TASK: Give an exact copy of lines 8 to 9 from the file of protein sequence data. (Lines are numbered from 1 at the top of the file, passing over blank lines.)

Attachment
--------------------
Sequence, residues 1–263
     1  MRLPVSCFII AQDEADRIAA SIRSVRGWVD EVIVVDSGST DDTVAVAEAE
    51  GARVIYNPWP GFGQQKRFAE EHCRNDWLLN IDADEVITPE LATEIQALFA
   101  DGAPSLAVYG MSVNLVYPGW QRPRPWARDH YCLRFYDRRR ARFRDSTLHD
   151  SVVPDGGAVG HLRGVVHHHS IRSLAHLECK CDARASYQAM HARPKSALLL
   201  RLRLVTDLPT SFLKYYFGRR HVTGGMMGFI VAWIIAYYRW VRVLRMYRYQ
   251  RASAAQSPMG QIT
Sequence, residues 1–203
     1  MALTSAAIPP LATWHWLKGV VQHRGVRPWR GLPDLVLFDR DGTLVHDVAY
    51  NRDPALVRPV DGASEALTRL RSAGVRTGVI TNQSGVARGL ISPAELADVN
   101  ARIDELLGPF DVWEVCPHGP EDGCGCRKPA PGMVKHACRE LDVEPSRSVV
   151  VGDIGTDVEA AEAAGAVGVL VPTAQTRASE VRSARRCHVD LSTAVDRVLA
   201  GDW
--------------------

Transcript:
Sequence, residues 1–203
     1  MALTSAAIPP LATWHWLKGV VQHRGVRPWR GLPDLVLFDR DGTLVHDVAY